What an enjoyable time I have been having, reading the memories that you have sent in. It is marvellous that modern technology allows us to share our experiences and we have so much in common despite geographical and age differences. But of course ---- we have our "Banbury" Roots.
As others have entered the confessional, I will, too. Today is my 73rd birthday. In our list we are widely different in age and experiences but have an interest in common ---- wanting to know more about our ancestors ----- isn't it wonderful?
I was born a Coventrian, but my paternal lines all hailed from close to Banbury, and I feel an affinity and great interest in all and everything about it. Most were in the humble Agricultural Labourer and Domestic Servant class, excepting for an illegitimate liaison! So, no rolling acres or prestigious titles and breeding in this particular family tree.
But as I have said, I feel the "pull" of this area --- the "call of the genes?" Ride a Cock Horse to Banbury Cross", has always been my favourite Nursery Rhyme, possibly because it has such a lilting tune.
All my own descendants have been brought up to it, with my own innovation of trotting noises to begin and end it. My eldest grandson always collapsed with laughter when we reached, "With rings on her fingers and bells on her toes", but he was too little to explain why!
Joe reminded me about outings by 'Sharra' and I remember Bunty's coaches, (Coventry), but as we lived close by the BTS garage (Bennetts), of Broad Street, my family and church used this firm, or the one from Red Lane. It was easier that way with early starts and late finishes to the day. BTS had a very nice modern fleet, so we felt a bit superior travelling in such comfort.
During the later 1940s into the 1950s, day trips to the seaside were popular with the working class. The nearest sea was about 100 miles away so it was all a great adventure, traversing strange countryside! Skegness and Great Yarmouth on the east coast, Barry Island and Aberystwyth in Wales, Isle of Wight on the south coast ---- exotic locations to us young Midlanders.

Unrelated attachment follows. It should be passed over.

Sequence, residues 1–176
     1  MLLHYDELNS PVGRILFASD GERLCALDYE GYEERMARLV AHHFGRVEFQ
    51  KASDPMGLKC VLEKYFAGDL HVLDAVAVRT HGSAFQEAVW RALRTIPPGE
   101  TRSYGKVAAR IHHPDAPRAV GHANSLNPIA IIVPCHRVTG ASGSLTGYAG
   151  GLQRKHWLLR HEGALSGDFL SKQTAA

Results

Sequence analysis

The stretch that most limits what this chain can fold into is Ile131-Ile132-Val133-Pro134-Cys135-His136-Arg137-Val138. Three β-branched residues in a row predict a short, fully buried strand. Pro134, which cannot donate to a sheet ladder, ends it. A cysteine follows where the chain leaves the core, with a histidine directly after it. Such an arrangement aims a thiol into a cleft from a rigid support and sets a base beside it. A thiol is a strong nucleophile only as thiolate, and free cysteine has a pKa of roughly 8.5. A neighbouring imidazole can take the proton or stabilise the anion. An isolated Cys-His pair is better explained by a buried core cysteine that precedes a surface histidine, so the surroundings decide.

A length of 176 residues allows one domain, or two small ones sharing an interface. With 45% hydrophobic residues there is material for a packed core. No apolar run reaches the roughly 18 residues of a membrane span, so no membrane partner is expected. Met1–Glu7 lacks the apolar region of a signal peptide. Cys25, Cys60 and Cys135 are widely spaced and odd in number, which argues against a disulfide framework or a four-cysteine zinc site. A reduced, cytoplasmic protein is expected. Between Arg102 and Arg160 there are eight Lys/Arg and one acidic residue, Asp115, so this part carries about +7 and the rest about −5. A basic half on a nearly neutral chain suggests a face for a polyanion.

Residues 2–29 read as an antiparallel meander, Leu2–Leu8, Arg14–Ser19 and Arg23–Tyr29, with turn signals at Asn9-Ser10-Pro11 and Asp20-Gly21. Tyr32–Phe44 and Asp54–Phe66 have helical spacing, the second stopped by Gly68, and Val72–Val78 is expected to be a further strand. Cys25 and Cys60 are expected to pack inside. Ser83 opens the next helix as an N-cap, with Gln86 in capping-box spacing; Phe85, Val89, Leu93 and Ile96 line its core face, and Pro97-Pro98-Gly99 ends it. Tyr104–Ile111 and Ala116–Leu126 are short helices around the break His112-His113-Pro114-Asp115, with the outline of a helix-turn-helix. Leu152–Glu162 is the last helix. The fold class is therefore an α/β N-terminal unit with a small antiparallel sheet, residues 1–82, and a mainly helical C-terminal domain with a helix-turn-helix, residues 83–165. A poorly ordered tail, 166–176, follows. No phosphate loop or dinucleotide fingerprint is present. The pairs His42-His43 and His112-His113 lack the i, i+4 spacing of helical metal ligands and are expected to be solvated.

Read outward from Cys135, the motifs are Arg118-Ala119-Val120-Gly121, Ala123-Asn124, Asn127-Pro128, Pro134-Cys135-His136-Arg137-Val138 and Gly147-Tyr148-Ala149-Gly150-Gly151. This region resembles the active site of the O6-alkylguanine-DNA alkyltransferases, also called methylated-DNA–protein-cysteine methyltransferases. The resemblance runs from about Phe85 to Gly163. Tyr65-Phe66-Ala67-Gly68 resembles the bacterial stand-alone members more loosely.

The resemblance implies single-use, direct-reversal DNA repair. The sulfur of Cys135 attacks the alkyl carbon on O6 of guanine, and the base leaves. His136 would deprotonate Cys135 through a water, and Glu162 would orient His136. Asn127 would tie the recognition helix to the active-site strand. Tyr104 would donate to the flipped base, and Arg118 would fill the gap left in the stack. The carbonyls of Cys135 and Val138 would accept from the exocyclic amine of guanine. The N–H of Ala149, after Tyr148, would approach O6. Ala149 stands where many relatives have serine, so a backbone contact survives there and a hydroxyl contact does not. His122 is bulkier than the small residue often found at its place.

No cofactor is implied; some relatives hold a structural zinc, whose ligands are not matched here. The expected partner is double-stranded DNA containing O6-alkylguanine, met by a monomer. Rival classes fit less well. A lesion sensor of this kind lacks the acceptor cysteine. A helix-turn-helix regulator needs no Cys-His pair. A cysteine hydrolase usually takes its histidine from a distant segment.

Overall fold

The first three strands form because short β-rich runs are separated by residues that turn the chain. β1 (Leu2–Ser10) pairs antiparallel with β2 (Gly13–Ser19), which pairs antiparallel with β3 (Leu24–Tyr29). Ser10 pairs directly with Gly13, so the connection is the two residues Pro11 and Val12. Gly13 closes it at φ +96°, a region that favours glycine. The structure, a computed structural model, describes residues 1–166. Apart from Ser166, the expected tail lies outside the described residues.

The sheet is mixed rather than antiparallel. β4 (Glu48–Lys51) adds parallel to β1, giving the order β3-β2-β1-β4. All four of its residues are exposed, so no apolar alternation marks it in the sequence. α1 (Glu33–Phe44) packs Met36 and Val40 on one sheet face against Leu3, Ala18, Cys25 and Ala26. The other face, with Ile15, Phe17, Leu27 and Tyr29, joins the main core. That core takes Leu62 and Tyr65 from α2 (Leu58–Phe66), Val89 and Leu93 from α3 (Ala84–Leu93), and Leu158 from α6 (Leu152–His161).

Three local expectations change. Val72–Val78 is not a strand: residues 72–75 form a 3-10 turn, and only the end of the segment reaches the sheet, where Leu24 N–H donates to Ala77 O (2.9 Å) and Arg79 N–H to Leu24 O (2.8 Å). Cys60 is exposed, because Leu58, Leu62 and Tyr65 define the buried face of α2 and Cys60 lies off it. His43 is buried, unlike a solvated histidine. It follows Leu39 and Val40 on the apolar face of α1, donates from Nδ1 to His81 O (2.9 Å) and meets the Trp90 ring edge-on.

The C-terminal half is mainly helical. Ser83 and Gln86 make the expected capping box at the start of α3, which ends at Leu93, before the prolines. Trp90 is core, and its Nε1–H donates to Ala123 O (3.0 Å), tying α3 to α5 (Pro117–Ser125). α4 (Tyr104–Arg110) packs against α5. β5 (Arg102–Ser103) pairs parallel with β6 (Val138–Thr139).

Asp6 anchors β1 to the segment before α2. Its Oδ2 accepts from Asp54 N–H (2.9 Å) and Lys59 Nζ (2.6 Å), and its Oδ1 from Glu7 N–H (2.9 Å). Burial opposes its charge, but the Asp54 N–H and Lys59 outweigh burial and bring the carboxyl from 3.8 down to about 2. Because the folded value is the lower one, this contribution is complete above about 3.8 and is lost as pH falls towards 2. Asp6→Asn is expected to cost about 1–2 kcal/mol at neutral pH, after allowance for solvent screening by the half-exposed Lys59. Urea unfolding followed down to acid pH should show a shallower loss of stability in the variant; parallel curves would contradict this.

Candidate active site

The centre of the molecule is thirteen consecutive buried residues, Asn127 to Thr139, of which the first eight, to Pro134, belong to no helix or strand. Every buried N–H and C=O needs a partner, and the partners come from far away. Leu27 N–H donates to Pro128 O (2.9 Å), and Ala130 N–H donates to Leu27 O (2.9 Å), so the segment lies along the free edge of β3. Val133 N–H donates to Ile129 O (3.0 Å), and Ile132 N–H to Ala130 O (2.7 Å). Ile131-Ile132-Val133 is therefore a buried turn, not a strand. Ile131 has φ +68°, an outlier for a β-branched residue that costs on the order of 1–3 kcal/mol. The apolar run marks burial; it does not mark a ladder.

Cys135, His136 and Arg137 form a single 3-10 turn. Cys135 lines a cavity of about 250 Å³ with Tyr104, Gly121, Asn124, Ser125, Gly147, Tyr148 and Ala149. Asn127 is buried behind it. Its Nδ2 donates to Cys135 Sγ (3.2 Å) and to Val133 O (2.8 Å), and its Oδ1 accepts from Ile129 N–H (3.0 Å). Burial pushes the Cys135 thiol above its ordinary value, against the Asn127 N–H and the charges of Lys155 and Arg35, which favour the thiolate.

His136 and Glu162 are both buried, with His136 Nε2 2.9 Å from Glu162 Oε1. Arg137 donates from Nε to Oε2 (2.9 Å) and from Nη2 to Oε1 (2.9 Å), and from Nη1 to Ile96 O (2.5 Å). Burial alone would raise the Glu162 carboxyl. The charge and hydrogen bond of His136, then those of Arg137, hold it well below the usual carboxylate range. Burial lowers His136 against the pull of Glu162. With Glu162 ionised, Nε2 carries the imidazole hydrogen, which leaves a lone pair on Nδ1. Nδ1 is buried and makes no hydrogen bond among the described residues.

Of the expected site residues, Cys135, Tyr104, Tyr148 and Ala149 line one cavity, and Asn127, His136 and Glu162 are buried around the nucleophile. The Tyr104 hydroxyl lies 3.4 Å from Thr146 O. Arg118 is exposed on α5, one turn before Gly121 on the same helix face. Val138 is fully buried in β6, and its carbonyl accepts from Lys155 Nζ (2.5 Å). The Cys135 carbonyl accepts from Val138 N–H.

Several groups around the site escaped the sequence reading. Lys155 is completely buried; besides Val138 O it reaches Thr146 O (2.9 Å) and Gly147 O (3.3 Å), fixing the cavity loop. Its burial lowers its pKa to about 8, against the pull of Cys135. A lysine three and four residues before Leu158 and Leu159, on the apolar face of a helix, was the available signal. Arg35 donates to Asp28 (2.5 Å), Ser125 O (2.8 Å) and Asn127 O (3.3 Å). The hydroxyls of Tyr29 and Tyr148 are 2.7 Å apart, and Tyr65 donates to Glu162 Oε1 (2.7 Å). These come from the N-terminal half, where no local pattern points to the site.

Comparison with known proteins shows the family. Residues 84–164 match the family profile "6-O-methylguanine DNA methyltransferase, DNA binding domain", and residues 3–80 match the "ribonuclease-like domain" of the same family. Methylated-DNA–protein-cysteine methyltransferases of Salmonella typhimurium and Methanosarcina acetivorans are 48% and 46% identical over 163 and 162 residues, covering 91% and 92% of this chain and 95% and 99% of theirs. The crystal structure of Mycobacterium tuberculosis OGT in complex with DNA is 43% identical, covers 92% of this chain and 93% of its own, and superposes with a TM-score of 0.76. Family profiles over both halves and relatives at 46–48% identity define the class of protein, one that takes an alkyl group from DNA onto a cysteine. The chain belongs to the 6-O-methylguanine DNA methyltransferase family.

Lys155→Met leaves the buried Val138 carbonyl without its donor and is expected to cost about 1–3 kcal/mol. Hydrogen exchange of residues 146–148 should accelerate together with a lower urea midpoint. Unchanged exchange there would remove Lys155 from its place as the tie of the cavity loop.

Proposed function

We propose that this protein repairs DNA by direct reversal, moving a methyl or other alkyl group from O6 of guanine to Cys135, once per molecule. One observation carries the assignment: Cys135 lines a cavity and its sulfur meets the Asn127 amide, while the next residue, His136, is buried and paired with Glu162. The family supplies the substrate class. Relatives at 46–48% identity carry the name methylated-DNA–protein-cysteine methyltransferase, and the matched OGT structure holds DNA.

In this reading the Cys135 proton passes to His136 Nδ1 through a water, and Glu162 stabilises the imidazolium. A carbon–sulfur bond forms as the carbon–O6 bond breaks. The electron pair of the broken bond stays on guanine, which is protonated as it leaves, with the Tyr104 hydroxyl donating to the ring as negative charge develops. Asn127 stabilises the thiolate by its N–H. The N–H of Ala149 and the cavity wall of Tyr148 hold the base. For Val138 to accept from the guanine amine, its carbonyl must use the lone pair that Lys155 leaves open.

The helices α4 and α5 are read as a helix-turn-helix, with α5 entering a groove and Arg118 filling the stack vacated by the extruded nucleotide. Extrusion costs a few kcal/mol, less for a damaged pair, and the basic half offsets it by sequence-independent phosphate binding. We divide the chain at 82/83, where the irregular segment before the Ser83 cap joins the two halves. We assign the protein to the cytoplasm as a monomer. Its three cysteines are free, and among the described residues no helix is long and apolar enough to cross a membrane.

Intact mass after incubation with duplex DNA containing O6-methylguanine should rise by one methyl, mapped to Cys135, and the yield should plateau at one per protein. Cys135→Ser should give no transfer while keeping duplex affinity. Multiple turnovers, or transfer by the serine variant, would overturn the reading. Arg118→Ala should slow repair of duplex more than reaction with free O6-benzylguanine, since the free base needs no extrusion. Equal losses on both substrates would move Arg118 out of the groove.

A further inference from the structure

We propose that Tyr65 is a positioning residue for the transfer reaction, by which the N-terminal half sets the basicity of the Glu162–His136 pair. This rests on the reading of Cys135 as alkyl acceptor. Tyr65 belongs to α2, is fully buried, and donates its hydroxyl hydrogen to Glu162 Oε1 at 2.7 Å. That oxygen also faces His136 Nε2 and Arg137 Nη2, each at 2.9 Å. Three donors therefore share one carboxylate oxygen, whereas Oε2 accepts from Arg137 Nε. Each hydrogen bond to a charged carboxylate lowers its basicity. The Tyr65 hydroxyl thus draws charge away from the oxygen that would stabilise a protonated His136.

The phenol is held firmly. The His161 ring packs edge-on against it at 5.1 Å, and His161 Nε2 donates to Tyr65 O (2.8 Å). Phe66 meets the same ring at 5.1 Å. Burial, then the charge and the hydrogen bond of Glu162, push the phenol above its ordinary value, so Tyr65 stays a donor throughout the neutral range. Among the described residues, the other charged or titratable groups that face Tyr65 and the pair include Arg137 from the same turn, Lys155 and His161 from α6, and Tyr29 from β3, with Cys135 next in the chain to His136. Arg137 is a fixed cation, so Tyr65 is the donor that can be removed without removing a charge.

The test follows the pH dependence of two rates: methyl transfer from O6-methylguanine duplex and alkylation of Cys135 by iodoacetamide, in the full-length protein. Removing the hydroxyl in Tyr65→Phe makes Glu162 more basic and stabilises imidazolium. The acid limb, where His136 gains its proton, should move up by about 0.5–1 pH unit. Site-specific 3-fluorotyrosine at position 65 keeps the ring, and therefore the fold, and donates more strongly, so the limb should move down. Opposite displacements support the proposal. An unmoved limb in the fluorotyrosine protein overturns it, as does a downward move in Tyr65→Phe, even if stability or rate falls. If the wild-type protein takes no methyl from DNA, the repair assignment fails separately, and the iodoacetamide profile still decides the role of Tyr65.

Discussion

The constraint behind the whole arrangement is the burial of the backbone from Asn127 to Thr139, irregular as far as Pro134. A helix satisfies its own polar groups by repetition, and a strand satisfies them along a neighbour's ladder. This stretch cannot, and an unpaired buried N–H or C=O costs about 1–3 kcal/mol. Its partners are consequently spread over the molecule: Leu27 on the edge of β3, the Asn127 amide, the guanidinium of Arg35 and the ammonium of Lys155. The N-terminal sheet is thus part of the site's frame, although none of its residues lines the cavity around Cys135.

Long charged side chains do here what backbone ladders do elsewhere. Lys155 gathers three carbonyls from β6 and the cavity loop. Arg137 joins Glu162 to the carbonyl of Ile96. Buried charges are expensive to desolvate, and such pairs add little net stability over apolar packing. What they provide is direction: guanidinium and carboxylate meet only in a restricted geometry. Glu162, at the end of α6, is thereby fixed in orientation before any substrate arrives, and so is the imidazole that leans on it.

Seafronts were explored and we had the obligatory paddle before eating sandy sandwiches. We consumed many icecreams and constantly thirsted for another lemonade --- was it the salt-laden sea air? Then fish and chip teas or if it was a chapel 'do', being marshalled for the arranged meal. Usually everyone gravitated to the shops at some stage to buy tacky souvenirs and sample the rock! Rock, was a stick of hard confectionery with the name imprinted through it, usually peppermint in flavour, and pink. We had to take some home for the less lucky.
Eventually tired, sticky and happy we assembled for the return trip, and there was much counting of heads, and always someone was missing! I don't remember the cameradie that Joe describes, but we weren't unfriendly. Perhaps we were too refined to "let down our hair"? En route there were several halts at pubs, though, when some made a rush for the bar, (that salty sea air, you know!). The rest of us used the conveniences and sampled the crisps and bottles of 'pop' on sale, tiredly happy and longing for bed.
Communal day trips by coach phased out when most families were able to own a car. Trips by coach were still taken, and continue to this day, but usually by groups. Tastes have become more sophisticated and the destination is likely to be a stately home, famous gardens or wild-life sanctuary. Instead of tired, sticky youngsters the coaches return their immaculate blue-rinsed passengers to their homes.
Now talking of 'sharras', my mother, born in 1904, recounted how she was an adult before she ever saw the sea. Amidst great excitement they embarked on long windy, bumpy trips in an open charabanc.
In earlier years outings for Mum and Grandma were usually Sunday School and chapel trips, travelling by farm cart or wagon for 2 or 3 miles to a field or riverside. There they had races and played games, whilst trestle tables were set up and laden with paste sandwiches, buns, scones and cakes. Cold drink was served to the children and a tea urn catered to the adult thirsts. This break from the exacting routines of everyday was relished by all.
Sunday School trips for us were still simple, although ventured further afield. More than once our destination was Kenilworth, where we tried out the properties of the "Echo" fields! A lovely hill slope tempted us to roll down it, and we never tired of seeing cars drive through the water splash of the ford --- a feature which I believe is no longer there. Races, games and food arrangements were much as in an earlier times. Food particularly, as with wartime rationing and postwar restrictions, paste sandwiches were the usual fare! I remember rhubarb and ginger jam seemed to figure prominantly, too. But for all that we had a great day!